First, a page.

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GET OFF MY TRICYCLE!!

 GET OFF MY TRICYCLE!!

Parashat Behar Behukotay

I remember the first time I decided to help out teenage kids at risk. A certain teenage boy from a religious family, who was “on his way out” of religion, came into my life. I wanted to know whether or not I was wasting my time trying to help him. I sat with someone with many years of experience and success in the field, hoping that he would teach me how to know if I was doing something worthwhile by investing my efforts with him. He taught me how to recognize “the red line”. I can never forget what he told me.

יהודה בן תימא אומר הוי עז כנמר וקל כנשר ורץ כצבי וגבור כארי לעשות רצון אביך שבשמים הוא היה אומר עז פנים לגיהנם ובשת פנים לגן עדן  Yehuda Ben Tema says, be brazen like a leopard, light like an eagle, swift like a deer, strong like a lion, to do the Will of Your Father in Heaven. He would say, the brazen-faced goes to Hell, and the embarrassed one goes to Gan Eden.(Avot 5; 20)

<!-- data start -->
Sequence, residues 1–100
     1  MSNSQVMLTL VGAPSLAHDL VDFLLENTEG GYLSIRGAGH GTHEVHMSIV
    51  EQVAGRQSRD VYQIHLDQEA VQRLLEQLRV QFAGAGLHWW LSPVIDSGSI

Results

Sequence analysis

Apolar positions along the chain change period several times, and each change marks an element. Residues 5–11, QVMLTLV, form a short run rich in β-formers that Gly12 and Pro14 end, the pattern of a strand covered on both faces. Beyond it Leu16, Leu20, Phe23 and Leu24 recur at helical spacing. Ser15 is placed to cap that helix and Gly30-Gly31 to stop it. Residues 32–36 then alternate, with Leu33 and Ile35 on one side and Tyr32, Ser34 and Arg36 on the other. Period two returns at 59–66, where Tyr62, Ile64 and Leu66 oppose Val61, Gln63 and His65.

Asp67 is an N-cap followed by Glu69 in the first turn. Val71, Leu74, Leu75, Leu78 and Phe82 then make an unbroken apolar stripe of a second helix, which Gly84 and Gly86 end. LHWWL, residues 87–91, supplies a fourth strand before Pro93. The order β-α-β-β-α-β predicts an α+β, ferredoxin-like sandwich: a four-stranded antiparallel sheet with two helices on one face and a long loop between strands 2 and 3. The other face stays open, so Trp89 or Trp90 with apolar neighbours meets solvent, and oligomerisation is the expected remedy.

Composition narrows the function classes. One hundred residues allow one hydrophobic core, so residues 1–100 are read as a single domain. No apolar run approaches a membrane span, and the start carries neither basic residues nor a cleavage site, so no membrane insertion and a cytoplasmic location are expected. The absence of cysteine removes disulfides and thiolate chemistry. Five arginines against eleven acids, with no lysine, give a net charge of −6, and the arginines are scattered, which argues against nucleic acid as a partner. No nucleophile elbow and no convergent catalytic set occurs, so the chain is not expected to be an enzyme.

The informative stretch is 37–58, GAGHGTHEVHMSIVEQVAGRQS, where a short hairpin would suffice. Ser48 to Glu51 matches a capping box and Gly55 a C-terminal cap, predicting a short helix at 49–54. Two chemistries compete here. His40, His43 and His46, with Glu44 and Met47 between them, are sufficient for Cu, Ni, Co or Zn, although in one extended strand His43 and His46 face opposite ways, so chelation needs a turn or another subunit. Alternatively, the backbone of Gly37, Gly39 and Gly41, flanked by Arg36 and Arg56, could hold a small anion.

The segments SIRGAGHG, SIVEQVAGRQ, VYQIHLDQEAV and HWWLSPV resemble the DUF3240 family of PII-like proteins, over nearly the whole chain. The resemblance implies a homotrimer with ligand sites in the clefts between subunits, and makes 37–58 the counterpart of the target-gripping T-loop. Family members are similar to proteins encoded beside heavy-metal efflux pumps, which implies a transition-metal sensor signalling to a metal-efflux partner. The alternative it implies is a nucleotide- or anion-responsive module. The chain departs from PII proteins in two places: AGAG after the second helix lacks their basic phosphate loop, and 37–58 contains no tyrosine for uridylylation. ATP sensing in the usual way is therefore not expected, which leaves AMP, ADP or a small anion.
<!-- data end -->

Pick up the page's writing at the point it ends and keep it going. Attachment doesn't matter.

It is a waste of your time to talk to a boy who has brazenness, an  “עז פנים”,   because it says, עז פנים לגיהנם “Brazen-faced go to Gehinom”. Once a boy has this type of brazenness, you cannot work with him, because he is going in the opposite direction. You are working against the tide. I’ll give you an example of what I mean. Once, I had some yeshiva boys from the Yeshiva I worked in over for a Shabbat meal. The boys stood outside on the porch, while I was helping my wife get things ready to start the meal. One of the boys on the porch sat down on my kid’s tricycle, something that he could break. I did not feel that because I was having over boys who were struggling with religion that my child needed to suffer and have his trike broken. So, I went outside and asked him nicely, please don’t sit on my son’s bike. You can break it. He got up and apologized. I went upstairs to continue helping my wife with the kids, and from the upstairs window, I saw that the same boy sat down again on the same tricycle. I came down, I called him over to the side, and told him that I am not interested in having him at my meal, if he couldn’t respect my son’s possessions. If he was so brazen to come to my house, eat my food, and not respect a simple request not to sit on my son’s tricycle, there was no hope of achieving anything by working with this boy.